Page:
State Sen. Donna Campbell of New Braunfels has proposed a constitutional amendment that would make it legal for Texas businesses to fire LGBT employees and turn away LGBT customers if their religious beliefs compel them to do so.
The proposal, Senate Joint Resolution 10, was filed on November 10, the first day of pre-filing for the legislative session that begins in January. In the resolution, Campbell writes that state government
may not burden an individual’s or religious organization’s freedom of religion or right to act or refuse to act in a manner motivated by a sincerely held religious belief unless the government proves that the burden is in furtherance of a compelling governmental interest and is the least restrictive means of furthering that interest.
The scope of the resolution is broad and includes “indirect burdens such as withholding benefits, assessing penalties, and denying access to facilities or programs.”
Campbell proposed a similar measure in 2013 that died in committee. Much to her surprise, she got significant push back from her fellow legislators. At that time, Texas Monthly wrote:
The concerns about the measure, from fellow senators and from witnesses, fell into two broad categories. On the one hand, it’s arguably redundant. The right to free exercise of religion is already enshrined in both the U.S. Constitution and Texas’s. As Leticia Van De Putte, a Democrat from San Antonio, noted during the hearing, Texas reiterates that commitment with laws on the books protecting religious freedom.
One of those laws is the Texas Religious Freedom Restoration Act, a 1999 measure that prevents government agencies from “substantially burdening a person’s free exercise of religion” unless the government has “a compelling governmental interest to do so.”
Campbell’s proposal is strident in its insistence that an individual’s religious beliefs trump laws meant to protect the LGBT community.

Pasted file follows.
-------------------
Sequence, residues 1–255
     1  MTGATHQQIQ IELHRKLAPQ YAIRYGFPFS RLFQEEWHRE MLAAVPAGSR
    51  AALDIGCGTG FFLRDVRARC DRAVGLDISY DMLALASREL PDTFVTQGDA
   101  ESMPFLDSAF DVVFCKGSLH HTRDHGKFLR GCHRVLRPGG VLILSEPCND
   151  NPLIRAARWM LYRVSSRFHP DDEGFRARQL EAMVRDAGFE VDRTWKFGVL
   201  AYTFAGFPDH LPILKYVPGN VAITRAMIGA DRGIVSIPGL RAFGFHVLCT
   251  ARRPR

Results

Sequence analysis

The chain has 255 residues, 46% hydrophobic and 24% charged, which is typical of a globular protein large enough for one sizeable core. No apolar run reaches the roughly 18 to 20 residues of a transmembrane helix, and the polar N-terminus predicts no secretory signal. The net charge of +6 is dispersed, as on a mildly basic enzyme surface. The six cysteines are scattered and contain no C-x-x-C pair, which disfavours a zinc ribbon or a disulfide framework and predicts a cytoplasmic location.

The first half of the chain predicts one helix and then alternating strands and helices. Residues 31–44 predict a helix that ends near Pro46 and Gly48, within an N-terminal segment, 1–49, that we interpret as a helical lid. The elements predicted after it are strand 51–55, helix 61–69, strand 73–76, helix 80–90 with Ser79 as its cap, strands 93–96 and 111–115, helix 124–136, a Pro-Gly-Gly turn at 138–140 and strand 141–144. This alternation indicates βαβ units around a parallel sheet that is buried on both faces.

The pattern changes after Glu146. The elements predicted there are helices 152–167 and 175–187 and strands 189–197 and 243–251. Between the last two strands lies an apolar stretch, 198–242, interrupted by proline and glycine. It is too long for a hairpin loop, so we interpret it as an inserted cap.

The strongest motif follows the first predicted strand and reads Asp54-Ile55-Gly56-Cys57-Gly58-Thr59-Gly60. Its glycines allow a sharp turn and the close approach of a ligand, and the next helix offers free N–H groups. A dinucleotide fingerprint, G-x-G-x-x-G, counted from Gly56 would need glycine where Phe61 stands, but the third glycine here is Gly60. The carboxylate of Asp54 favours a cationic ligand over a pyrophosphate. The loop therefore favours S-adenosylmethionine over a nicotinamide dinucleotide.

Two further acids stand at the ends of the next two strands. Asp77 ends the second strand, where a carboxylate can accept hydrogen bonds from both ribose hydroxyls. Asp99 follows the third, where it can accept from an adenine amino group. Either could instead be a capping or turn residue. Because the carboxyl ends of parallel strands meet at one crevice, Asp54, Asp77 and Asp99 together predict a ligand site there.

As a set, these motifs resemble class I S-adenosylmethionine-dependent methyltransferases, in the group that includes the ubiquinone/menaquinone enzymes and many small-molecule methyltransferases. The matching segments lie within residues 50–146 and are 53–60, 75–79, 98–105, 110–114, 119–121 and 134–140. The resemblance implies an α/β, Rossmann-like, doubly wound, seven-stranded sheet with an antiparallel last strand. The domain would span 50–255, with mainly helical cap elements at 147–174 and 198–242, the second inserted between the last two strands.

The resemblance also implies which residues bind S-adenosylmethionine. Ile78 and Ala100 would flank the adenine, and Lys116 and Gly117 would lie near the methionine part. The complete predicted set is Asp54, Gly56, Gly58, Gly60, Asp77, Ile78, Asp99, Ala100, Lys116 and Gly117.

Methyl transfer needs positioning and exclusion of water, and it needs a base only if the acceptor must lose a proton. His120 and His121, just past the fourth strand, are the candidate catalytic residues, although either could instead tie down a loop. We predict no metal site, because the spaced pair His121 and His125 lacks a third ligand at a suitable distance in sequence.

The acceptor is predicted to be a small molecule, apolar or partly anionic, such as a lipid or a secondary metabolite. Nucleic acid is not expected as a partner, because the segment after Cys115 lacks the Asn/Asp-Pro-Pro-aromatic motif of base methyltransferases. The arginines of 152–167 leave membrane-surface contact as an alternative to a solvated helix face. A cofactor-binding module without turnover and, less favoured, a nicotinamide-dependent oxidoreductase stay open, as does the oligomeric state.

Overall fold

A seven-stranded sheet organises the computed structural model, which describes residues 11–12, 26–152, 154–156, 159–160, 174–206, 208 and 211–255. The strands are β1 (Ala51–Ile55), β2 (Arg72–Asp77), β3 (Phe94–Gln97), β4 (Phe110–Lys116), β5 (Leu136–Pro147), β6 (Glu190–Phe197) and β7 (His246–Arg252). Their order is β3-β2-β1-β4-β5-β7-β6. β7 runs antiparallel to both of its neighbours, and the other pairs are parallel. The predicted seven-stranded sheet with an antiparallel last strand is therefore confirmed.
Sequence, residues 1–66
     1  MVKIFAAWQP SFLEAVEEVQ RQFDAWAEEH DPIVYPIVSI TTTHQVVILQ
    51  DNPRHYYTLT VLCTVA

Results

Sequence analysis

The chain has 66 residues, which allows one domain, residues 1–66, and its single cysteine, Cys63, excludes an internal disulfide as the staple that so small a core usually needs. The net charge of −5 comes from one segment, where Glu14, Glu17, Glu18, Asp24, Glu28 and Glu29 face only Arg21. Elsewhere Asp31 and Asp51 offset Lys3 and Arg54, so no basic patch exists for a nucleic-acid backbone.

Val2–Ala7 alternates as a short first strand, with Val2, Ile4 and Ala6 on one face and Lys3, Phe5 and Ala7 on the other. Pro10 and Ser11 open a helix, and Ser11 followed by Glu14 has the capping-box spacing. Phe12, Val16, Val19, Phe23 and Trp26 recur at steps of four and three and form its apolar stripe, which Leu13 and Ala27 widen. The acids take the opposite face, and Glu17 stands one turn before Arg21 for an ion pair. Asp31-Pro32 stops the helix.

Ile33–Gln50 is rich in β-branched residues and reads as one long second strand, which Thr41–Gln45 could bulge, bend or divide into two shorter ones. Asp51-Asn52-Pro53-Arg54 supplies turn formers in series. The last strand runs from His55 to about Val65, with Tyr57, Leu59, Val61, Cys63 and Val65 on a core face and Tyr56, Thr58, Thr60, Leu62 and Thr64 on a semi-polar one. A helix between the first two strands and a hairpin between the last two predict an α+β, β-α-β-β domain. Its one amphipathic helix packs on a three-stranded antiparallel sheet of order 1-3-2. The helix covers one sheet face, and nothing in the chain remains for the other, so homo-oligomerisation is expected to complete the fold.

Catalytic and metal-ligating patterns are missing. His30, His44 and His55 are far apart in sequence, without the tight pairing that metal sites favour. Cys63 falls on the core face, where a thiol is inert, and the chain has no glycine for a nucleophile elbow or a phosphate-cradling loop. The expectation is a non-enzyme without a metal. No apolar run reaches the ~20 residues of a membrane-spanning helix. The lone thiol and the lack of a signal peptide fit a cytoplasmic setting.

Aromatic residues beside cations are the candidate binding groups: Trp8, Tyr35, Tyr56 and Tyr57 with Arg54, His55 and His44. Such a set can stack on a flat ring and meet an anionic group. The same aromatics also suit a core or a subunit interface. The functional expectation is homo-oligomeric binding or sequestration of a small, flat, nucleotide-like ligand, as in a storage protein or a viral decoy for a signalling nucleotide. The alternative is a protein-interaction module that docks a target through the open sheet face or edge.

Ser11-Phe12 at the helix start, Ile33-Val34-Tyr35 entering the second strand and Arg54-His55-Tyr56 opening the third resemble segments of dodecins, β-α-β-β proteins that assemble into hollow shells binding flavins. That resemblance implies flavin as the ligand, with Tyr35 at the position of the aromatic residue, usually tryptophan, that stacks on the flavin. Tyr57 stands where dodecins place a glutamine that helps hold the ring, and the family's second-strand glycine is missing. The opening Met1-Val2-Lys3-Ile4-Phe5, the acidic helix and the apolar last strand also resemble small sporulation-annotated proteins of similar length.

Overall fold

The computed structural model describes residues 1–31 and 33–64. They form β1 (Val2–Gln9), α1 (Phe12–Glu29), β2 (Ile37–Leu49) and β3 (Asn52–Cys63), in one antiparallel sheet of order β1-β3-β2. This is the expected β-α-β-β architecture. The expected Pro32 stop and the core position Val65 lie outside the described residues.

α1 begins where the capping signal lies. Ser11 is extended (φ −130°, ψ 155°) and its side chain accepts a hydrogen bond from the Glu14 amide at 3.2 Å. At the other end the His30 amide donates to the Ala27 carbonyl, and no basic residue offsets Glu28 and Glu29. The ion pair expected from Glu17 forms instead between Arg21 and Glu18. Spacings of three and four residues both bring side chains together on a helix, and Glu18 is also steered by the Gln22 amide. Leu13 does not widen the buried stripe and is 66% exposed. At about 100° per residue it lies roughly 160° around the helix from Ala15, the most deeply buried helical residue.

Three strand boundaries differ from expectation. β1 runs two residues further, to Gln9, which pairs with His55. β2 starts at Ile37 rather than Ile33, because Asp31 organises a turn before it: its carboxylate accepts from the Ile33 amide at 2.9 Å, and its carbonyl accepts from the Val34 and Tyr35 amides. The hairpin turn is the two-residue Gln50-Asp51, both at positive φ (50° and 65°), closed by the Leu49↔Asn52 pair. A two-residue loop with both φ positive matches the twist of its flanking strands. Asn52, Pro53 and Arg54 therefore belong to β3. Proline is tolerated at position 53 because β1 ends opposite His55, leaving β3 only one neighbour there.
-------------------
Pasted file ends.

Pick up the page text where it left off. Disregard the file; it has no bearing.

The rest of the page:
Jenny Pizer, senior counsel at Lambda Legal, told Towleroad that “in addition to undermining local nondiscrimination laws, she believes Campbell’s proposal would open up government to all sorts of litigation from people who have religious objections to a wide variety of regulations.”
During the long and divisive fight to enact San Antonio’s nondiscrimination ordinance Campbell wrote a letter to then-Mayor Julian Castro stating the reason for her opposition:
San Antonio is an exceptional city in which every individual should feel welcome, and I believe that’s the intent of the authors of the ordinance. However, by alienating a majority of Texans who believe in traditional marriage and values, it is having the opposite effect. San Antonio churches, families and businesses feel less welcome in their hometown as a result of this proposed ordinance, fearful that they may now be penalized or face costly lawsuits just for practicing their faith or expressing their opinion.
Currently there are five Texas cities with nondiscrimination ordinances that offer protection to LGBT citizens: Austin, Dallas, El Paso, Fort Worth and San Antonio. The Houston Equal Rights Ordinance was passed in May but is on hold awaiting the outcome of a lawsuit filed by opponents. The ordinances in all of these cities could be affected by Campbell’s proposal.
“The resolution I filed today provides a necessary layer of protection from overreaching governments that engage in acts of prejudice meant to intimidate Texans of faith from expressing their deeply held religious beliefs,” Campbell said in a press release on Monday.